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@alistairjevans
Last active Feb 2, 2022
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Rust TCP Echo Server, for C# Devs
///
/// # TCP Echo Server in Rust, for C# Devs.
///
/// I normally write .NET code, but am picking up some Rust
/// and wanted to explain it to other devs in my org.
/// So I've taken a very basic TCP echo server example
/// (sends back everything it receives) written in Rust, and added
/// a load of comments that hopefully explain each line in a way
/// C# devs would understand.
///
// 'use' is more like imports in typescript than using statements
// in C#, because often you will pull in specific types into scope,
// rather than a whole rust `module` (similar to a `namespace` in C#).
//
// Here we are bringing the TcpListener type into scope from the 'tokio::net' module.
// tokio provides (among other things) some good async wrappers around OS sockets, and is available
// as a 'crate'. Crates are somewhat like nuget packages in C# world, but are distributed as 'source'
// packages, rather than pre-built. You can browse https://crates.io for available crates.
use tokio::net::TcpListener;
// The below 'use' pulls in two rust 'Traits', which are similar to interfaces in C#.
// By pulling in these Traits, we get access to some async helpers for streams.
//
// For these Traits specifically, it's *sort of* like having C# extension methods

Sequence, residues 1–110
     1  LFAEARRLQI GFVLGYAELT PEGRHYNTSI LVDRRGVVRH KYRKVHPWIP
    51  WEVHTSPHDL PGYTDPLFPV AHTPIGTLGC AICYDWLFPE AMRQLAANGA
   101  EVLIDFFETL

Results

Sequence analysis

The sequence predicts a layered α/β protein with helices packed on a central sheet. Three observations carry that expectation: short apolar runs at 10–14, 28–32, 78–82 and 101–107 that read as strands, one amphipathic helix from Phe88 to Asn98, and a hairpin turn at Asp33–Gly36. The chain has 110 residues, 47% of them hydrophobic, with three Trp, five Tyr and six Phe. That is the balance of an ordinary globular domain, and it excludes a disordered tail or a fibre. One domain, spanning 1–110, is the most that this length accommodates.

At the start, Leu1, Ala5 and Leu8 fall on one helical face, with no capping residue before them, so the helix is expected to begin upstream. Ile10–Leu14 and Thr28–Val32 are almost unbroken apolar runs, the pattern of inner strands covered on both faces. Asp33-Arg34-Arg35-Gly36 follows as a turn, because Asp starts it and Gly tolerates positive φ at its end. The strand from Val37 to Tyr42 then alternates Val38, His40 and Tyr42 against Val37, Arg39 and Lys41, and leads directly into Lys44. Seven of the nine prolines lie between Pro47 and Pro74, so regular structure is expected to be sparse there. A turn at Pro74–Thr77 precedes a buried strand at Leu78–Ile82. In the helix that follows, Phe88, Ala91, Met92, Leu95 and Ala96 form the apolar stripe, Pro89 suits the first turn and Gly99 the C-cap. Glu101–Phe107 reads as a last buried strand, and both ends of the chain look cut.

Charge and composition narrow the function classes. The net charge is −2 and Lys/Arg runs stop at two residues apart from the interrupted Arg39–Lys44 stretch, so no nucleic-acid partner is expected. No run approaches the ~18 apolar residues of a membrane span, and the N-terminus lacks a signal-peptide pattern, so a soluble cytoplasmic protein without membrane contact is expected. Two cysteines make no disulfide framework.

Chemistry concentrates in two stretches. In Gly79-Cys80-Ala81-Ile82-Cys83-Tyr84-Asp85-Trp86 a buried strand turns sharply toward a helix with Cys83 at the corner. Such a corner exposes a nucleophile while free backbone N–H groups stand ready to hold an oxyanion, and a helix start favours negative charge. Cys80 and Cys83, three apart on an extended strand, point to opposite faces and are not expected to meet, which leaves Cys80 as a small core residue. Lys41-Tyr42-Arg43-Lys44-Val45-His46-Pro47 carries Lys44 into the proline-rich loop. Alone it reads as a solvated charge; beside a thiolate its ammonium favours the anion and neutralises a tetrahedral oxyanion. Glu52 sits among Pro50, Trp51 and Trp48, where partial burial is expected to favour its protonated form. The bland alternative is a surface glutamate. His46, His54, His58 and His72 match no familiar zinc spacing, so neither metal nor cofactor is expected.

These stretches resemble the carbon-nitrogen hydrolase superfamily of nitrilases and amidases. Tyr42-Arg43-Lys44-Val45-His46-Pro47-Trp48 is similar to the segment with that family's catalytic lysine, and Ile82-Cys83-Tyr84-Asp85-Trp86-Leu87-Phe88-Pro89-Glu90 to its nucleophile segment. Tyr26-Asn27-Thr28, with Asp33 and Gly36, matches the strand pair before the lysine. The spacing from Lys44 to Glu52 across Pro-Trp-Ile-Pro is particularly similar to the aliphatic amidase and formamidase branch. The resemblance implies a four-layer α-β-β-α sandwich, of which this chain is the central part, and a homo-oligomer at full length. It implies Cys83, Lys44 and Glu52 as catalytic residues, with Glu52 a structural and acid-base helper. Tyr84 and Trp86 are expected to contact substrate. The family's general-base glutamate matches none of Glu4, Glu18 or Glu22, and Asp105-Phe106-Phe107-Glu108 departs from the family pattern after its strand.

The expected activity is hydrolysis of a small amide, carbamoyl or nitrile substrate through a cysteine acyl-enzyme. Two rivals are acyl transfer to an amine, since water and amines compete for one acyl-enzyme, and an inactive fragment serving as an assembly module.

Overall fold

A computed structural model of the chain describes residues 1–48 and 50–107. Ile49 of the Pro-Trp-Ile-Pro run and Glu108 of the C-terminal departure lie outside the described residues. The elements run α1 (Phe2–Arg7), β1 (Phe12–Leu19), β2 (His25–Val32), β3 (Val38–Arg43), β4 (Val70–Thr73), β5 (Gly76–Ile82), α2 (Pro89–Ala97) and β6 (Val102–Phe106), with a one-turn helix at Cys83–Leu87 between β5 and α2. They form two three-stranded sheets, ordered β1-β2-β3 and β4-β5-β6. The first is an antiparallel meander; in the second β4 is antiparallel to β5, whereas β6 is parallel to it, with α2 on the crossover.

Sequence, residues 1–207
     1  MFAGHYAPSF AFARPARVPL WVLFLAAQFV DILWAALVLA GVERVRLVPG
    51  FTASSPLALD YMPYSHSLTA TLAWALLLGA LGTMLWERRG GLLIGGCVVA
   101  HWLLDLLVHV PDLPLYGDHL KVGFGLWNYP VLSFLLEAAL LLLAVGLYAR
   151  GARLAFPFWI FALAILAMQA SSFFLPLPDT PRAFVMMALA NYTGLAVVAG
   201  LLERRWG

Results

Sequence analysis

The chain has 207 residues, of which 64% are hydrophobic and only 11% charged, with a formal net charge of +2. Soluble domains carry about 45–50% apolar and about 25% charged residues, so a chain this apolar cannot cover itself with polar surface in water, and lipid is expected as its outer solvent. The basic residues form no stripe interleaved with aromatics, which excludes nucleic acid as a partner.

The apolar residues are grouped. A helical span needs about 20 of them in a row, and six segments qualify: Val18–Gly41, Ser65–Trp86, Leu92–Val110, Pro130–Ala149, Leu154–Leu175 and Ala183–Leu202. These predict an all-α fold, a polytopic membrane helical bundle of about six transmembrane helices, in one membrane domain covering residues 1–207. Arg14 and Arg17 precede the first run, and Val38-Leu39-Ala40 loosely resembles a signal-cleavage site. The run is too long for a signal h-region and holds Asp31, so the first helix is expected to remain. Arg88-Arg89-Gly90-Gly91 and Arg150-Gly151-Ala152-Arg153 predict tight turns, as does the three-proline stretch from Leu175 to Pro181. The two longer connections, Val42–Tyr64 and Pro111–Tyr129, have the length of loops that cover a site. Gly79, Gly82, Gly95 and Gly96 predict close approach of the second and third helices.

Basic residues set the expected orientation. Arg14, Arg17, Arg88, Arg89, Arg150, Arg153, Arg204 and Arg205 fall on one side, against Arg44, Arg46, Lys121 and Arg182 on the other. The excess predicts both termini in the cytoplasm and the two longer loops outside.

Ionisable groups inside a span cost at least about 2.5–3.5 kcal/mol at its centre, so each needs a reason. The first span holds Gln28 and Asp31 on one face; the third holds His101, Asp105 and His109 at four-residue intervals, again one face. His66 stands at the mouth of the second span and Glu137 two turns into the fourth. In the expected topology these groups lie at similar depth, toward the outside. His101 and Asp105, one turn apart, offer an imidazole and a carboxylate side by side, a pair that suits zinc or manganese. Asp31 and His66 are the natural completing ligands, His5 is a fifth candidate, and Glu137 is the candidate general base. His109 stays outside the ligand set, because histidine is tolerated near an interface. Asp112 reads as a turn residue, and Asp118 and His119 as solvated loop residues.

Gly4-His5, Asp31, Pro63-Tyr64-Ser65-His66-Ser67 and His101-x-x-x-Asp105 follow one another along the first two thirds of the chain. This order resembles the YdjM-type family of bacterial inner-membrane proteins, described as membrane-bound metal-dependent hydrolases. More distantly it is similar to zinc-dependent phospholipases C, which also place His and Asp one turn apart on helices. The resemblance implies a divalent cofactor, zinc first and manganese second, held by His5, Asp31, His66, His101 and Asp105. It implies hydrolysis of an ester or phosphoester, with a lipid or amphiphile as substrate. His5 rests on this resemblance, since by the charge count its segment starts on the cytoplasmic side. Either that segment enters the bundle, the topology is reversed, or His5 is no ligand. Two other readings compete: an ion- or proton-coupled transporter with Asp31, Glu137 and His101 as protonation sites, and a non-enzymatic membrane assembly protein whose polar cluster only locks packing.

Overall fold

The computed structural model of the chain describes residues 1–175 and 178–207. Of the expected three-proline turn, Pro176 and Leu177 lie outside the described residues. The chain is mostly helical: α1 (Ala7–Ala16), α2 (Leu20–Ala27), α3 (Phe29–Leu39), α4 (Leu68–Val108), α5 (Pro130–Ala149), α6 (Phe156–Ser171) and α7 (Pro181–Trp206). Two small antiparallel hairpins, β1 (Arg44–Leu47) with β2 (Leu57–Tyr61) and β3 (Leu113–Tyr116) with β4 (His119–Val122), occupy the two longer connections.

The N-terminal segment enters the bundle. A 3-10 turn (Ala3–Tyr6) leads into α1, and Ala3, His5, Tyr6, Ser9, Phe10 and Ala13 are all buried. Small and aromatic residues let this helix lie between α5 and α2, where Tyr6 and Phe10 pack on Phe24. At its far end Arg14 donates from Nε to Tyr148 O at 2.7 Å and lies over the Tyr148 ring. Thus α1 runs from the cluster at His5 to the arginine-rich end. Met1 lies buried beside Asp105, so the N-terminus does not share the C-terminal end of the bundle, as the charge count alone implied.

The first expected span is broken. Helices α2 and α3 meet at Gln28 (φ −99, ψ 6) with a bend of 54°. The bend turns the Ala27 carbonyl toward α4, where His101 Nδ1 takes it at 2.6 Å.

// that read like below, then having to `using` the extension class' namespace
// to access them.
//
// ```
// public static class AsyncWriteExt
// {
// public static ValueTask<int> ReadAsync(this IAsyncWriteExt stream, Span<byte> buffer)
// {
// // ...
// }
// }
// ```
//
// > This is a big oversimplification of what Traits are in Rust, they work quite differently to interfaces
// > in a number of ways.
use tokio::io::{AsyncWriteExt, AsyncReadExt};
// The #[....] syntax is an attribute.
// This attribute says we are using tokio as our 'async runtime'.
//
// Unlike C#/.NET, which includes a built-in async runtime, the Rust language itself
// provides the async/await keywords and the equivalent of C#'s `Task`, but nothing
// to actually run those tasks. That functionality is provided by external packages
// (called crates). The one we're using is tokio, which also provides async sockets.
//
// The 'Result' type is a generic built-in type, that can either succeed,
// in this case with the empty type, referred to as a 'unit', `()`, or fail with
// the `Box<dyn std::error::Error>>` type.
#[tokio::main]
async fn main() -> Result<(), Box<dyn std::error::Error>> {
// let is equivalent to var in C#, but defaults to immutable, so I can't change this variable after I declare it.
let bind_addr = "0.0.0.0:9999";
// Bind the socket, and 'await' the bind completing.
// `.await` in rust is a keyword, very much like C#, just the await comes
// after the expression, rather than before it.
//
// The question-mark (?) at the end of the line means:
//
// "if bind failed, return immediately, propagating the error to the caller."
//
// This may sound like exceptions in C#, but it's best not to think of them
// like that (and it doesn't have the same stack-unwinding and CPU overhead),
// because it just returns from the method.
let listener = TcpListener::bind(bind_addr).await?;
// println in rust is a 'macro', hence the '!'.
// The {} is a format placeholder, this will feel familiar to String.Format in C#.
// Unlike C#, the numeric values in the placeholder indicating parameter position are optional.
println!("Listening on {}", bind_addr);
loop {
// TCP socket accept (async). Again, if the accept errors, propagate the
// result out.